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Evans MX-99 Mini Echo

(Echo - Echo - Echo)


An old effect it may well be but echo is still one of the most usable sounds around. The problem is that really top class echo units cost a lot of money, be they tape echos (like the Roland Space Echo) or digital or analogue units like the best examples from makers such as MXR, Morley and others.

But what if your needs aren't so grand as the sort of echo which can cost you over £200 to achieve? Well, one answer comes in the form of the tiny Evans MX-99.

The Evans MX-99 is a very basic solid state echo system, a far cry from their excellent tape units, but just the sort of thing that a beginner could afford — selling for an RRP of £74.78 inc. VAT.

A neatly housed unit, the little Evans somes in a solid metal box. It's mains powered and is fitted with a fuse for extra safety. Internal construction is fairly good, although I have seen better soldering in my time. Regardless of that, however, it should prove to be reliable enough for even fairly hard use — all it lacks is neatness, not internal strength. All the functions of the Evans are on the front panel. You have four rotary pots; volume, balance, repeat and delay time and, beneath these, a series of jack sockets which allow for a choice of guitar input, mike input, footswitch and output. The final control is a small mains switch.

We tried the Evans with several guitars and found that, for the money being asked for it, it wasn't at all bad. The volume control has a red peak indicating LED beside it (which shows potential overloads more than sufficiently clearly) and the balance control lets you choose the sum total of your sound, a mixture between totally 'dry' (turned extreme left) and totally echoed (turned right). The next control handles the repeat function, a surprisingly variable range for such a small unit, running from a swift following beat to a total runaway condition when the Evans is set much above 2 O'clock.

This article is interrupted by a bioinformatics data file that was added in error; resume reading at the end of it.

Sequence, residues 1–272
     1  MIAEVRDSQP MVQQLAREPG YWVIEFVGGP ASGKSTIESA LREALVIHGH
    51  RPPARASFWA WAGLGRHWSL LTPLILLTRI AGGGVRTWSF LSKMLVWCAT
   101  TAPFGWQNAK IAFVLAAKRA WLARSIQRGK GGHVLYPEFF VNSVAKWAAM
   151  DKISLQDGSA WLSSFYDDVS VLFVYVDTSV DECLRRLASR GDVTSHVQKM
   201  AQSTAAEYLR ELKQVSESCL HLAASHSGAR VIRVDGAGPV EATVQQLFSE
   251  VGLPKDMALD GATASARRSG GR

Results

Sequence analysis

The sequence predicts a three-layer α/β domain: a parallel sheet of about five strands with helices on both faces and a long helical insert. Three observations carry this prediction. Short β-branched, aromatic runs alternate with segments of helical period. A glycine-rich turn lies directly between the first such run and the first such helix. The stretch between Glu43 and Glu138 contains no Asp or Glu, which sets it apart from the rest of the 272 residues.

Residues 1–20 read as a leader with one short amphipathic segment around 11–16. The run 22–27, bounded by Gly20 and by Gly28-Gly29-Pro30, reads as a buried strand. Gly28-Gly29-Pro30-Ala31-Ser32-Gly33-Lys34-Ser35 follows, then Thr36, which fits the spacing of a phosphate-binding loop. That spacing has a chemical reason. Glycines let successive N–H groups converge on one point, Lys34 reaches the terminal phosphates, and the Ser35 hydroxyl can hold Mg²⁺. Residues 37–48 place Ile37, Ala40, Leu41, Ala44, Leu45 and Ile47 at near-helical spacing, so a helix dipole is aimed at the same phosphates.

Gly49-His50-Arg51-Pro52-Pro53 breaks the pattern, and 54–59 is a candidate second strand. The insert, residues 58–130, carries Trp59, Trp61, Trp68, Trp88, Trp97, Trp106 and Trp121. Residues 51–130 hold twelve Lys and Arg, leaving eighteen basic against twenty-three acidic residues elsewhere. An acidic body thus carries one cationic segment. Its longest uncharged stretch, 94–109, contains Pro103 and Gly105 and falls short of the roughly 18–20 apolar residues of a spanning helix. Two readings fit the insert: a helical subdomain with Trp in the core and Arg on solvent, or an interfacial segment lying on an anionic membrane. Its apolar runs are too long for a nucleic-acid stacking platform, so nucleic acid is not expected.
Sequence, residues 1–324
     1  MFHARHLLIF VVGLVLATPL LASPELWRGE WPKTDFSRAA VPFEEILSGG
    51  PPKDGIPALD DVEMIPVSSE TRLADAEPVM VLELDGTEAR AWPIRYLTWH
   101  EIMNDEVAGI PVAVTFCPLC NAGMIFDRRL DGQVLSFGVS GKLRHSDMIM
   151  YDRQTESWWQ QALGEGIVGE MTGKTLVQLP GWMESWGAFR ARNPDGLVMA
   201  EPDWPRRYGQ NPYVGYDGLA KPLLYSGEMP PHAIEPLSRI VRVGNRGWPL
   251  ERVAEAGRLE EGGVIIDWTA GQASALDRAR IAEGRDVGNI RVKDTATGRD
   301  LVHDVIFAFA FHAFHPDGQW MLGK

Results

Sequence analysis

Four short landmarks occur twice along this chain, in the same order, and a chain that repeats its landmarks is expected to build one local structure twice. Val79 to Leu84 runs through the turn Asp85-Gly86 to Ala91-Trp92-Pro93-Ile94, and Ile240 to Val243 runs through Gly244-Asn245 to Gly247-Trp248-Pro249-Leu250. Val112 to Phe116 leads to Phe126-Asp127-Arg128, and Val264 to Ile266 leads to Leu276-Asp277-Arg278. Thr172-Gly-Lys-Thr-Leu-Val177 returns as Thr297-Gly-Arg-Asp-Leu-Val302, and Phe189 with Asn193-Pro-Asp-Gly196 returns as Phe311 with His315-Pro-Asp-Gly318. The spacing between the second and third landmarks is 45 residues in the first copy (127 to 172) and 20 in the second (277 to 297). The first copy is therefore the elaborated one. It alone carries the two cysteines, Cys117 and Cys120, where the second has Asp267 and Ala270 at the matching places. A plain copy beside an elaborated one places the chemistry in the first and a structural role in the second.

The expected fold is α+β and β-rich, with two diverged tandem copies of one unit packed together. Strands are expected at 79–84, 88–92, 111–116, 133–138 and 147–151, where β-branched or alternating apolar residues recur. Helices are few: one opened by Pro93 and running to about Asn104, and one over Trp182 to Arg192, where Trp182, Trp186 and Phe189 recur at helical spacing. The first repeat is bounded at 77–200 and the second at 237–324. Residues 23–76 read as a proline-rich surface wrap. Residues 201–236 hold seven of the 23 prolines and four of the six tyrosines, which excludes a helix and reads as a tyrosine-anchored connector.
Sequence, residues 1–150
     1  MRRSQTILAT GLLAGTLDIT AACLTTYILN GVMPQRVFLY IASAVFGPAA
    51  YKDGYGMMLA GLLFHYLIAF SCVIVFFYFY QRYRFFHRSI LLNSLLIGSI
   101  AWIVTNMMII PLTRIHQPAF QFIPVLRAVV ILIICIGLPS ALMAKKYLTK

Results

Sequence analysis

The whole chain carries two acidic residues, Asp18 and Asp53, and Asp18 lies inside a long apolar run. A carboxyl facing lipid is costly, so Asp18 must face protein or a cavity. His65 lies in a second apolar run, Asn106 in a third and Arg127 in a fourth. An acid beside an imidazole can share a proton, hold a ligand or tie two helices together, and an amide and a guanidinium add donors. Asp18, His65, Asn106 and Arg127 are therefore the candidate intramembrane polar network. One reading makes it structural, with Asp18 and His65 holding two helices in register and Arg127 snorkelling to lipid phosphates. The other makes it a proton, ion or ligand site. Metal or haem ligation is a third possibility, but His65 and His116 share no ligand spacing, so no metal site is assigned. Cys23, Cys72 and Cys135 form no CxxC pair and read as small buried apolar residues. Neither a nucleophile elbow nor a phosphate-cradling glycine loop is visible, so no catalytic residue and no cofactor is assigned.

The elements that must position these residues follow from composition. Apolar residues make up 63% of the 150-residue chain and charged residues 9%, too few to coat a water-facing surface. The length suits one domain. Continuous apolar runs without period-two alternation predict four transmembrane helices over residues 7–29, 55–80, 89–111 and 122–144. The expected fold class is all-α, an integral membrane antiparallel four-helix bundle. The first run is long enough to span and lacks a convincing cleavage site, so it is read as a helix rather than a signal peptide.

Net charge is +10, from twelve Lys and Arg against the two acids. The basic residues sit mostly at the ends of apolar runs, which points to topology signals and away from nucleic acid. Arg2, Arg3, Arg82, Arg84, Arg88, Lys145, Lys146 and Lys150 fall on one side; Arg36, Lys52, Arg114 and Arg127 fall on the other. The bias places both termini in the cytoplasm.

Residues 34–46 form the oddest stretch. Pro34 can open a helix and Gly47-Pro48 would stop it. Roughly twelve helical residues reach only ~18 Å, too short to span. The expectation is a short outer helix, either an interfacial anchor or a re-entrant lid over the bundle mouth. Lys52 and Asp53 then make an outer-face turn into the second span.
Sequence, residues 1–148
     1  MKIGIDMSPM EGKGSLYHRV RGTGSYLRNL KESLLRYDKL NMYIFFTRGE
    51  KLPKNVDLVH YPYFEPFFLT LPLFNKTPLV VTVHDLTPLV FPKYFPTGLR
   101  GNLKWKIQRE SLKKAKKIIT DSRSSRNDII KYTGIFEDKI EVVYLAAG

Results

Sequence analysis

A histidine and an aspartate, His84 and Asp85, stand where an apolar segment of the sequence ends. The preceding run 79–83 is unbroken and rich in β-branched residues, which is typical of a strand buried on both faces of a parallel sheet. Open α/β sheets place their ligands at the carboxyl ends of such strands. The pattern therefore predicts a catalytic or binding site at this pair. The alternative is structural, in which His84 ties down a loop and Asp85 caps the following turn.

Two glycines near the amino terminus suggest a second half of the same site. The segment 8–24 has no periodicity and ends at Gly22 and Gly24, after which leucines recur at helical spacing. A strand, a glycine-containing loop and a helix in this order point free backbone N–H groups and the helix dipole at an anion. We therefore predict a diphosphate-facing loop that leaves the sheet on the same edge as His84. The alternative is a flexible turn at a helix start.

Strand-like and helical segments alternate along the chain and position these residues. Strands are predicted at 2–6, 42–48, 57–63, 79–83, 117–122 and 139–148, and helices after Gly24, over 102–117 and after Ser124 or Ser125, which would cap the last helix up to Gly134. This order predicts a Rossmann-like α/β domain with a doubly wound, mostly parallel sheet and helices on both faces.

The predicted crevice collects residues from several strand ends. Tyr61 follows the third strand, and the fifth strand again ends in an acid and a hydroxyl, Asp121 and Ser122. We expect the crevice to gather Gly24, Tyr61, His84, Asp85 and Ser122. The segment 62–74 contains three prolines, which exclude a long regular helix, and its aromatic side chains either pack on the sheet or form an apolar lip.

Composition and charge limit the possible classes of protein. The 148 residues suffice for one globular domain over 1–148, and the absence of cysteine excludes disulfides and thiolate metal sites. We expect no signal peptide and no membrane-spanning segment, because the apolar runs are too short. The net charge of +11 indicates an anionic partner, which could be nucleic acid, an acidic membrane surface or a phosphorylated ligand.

Finally, the delay time runs from very short (almost, but not quite, an ADT) to a lengthy Shadows-like classical Rock and Roll guitar sound.

Obviously, at such a low retail price, the Evans isn't going to rival the much more expensive types on the market (many of which feature in the same range as this small model) but it would certainly suit the guitarist who wanted a fairly wide ranging echo device without all the hassles of tapes and springs and other mechanical devices. Major sound anomalies are that the very obviously electronic sound that the Evans produces when set to its shortest delay times and a tendency for a slight tonal discolouration when compared with a straight (through the amp) signal. However, at such a low price these are acceptable features (one could hardly call them failings) and, providing one is aware of the difficulty of making an echo unit at all (components which work to perfection cost a lot of money!) then this should be a very satisfactory buy for the player whose prime need is for echo to play around with and use on stage where studio-quality effects just aren't needed.

Careful setting-up will get the best out of the Evans — especially making sure that you set the volume control so that the red overload LED indicator isn't on all the time (optimum results seem to be got when it is just winking on and off). Providing you are prepared to set it carefully enough, not to expect too much from it (Evans do a wide range of more up-market units of course) and don't expect it to function to absolute tonal perfection at the extremes of its range then this little solid state machine is a very tasty unit to have around.

Keep your eyes on Evans, we have heard word that they will be making a massive push in the U.K. market soon. Thanks for our sample to Blue Seude Music Ltd. of (Contact Details), to whom readers queries should be sent.



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Streamer Cymbals

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Simon Phillips


Music UK - Copyright: Folly Publications

 

Music UK - Dec 1982

Gear in this article:

Guitar FX > Evans > MX-99 Mini Echo


Gear Tags:

Delay

Review

Previous article in this issue:

> Streamer Cymbals

Next article in this issue:

> Simon Phillips


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